Haretha is a mother of seven children; she and her husband are both unemployed. They also care for Haretha’s mother who is blind, old, wrinkled and all doubled up would not be a befitting description for her. She was beyond a common description of a poor person. Wretchedness of the wretched would sum up all that she was. She has been bed-ridden for almost two years. “It’s been very expensive to look after my mother, most of the time she needs special food which cannot be acquired locally” she sadly narrated.
Haretha and her mother are among thousands in the area that were affected by the drought in Mandera. It’s visible from their sun-burnt faces and their sunken eyes, most of them looking very emaciated. Everything in this area appeared still and deserted. The Horis (Somali traditional huts made from locally available reeds known as marara) seemed to be empty and once in a while you could hear distant and weak sounds of bleating sheep and goats.
They live in the small settlement of Sala , a location in Hareri division which is 10 kilometres from Rhamu 75 kilometers to the west of Mandera. It is among the many areas in Mandera that has continuously been affected by the drought spell. It has an approximately a population of around 4000 people. Lots of animals have died in this area and those left are really emaciated and weak. The scorching sun which emanates intensive heat reflects the strong rays of the sun into your eyes to temperatures of more than 38 degrees centigrade.
RACIDA a local NGO working in Mandera in collaboration with one of its major partners CORDAID have carried out a destocking programme. The weak animals that are thought not to survive are slaughtered and the meat distributed to make some of these vulnerable families at least make some savings while also giving them some food supplements. The main aim was to enhance preparedness, livelihoods and incomes of pastoralists in order to mitigate the impact of drought and other shocks. Together with a water trucking project, it is among the emergency programmes that are ongoing with RACIDA. Destocking was done is six division of Mandera east, North and central.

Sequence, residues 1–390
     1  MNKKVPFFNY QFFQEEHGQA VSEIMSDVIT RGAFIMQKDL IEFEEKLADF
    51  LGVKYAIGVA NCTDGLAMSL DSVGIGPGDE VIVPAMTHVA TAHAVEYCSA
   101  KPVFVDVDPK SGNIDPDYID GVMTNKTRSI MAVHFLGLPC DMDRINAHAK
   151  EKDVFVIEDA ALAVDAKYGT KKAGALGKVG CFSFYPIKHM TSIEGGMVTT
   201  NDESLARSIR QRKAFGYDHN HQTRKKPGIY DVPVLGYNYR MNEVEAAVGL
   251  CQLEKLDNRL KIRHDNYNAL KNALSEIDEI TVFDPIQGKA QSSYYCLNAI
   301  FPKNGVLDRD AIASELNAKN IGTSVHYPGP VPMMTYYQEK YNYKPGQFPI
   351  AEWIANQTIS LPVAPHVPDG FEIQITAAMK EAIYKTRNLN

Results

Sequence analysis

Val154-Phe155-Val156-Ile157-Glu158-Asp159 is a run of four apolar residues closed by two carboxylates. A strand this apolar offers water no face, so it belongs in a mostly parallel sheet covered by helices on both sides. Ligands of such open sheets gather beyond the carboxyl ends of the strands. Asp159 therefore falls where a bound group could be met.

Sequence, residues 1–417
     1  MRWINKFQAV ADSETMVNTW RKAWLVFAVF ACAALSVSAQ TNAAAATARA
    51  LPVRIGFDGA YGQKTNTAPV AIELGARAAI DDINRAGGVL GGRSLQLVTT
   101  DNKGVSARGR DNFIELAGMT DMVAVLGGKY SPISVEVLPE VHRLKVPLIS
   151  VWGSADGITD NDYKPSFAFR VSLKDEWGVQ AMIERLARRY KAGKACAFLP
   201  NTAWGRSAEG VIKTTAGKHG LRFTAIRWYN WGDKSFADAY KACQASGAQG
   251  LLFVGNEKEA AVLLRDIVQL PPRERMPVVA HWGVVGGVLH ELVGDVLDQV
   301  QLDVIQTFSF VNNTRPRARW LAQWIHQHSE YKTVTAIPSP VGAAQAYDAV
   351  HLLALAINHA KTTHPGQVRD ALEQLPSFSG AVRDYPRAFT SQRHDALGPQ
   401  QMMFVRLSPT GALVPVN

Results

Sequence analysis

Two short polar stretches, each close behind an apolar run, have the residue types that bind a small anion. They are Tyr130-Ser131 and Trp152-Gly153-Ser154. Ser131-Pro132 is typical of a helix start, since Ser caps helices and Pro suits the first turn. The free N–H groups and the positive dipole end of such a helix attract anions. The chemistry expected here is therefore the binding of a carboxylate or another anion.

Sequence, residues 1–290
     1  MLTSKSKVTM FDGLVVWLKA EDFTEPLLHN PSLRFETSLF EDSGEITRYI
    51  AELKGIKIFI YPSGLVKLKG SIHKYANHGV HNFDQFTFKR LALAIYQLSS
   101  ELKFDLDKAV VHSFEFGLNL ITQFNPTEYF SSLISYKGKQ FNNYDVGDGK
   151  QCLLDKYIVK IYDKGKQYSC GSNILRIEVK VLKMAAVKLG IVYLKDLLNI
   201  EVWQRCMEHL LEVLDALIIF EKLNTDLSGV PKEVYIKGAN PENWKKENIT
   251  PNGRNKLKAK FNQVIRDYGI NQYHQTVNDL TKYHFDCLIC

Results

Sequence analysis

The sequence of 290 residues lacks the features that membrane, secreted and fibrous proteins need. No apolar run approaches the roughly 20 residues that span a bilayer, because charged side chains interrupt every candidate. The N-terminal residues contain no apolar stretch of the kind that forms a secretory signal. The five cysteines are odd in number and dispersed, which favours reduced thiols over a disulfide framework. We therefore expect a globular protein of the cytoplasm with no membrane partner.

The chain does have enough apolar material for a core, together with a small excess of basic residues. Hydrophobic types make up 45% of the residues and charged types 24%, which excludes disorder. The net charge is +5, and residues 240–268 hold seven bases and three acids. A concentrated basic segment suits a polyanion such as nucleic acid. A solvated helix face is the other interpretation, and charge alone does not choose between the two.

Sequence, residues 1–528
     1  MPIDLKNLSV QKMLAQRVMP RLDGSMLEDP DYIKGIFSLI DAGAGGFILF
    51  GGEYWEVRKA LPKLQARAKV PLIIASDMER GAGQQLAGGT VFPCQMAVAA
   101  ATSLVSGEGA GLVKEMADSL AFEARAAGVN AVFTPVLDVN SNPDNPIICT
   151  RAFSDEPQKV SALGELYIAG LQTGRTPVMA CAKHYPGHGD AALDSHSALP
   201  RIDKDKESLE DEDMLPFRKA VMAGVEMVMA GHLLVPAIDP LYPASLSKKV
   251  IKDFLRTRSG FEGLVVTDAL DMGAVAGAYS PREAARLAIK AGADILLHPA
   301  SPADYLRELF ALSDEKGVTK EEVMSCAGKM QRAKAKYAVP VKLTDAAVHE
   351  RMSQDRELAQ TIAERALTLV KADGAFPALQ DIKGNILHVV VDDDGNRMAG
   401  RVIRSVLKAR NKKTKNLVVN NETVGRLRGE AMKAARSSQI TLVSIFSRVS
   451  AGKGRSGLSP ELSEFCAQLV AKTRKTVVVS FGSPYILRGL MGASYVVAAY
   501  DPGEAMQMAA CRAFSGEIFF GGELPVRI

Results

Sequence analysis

Before the actual destocking, the community was mobilized whereby awareness-raising meetings were held. During the meeting different location were represented by representatives from their respective areas. They discussed on issues of targeting whereby they agreed on the number of animals to be destocked in each location.
On the actual day of destocking, the district veterinary personnel were also involved to ensure that the meat was fit for consumption.
Most of the animals brought were really emaciated and very weak. Some could not even walk and the owners were forced to bring them on wheel-barrows. Their meat could not be taken. Haretha sells ‘marara’ at the Rhamu Market once in a while when she gets time to go down the river and cut them. It is the largest and the only nearest market around the area, approximately 10 KM from Sala. Because of the distance she is only able to make the journey twice a week. If she sales one bunch of the marara she gets 60Kshs and she is only able to carry 2 bunches since she does not own a donkey that can help her. That is around 120Kshs a week. “Although the money is not enough it helps me to buy food for my family” she says. The husband also chips in if he is lucky to gets a kibarua (casual work). She added.
Haretha had 7 goats and 4 sheep. Their body condition was good and they looked healthy three months ago. She said. But for now they are all weak and she can’t predict how long they will live. She is hopeless and passionless. She says she decided to sell 3 of her animals so that she can get some money for they shall not survive. When asked why she decided to get involved in this particular exercise, she said, “it is a heaven sent blessing for me and my community, many of our animals have died, but thanks to this timely intervention by RACIDA. I can be able to get money and meat.”
Haretha smiled as she received her cash, a total of Kshs 2800. She said the money will help her buy food for her family as well as help in taking care of her weak mother. She also said she will save some which she will use in case of emergency. Since she was also chosen among the most vulnerable in the community, she was entitled to be one of the meat beneficiaries as well. She said she will make Nyirnyir (meat which is dried andthen fried till dry, which can last for at least 2-3 months) She said she will keep the meat and use during the holy month of Ramadhan.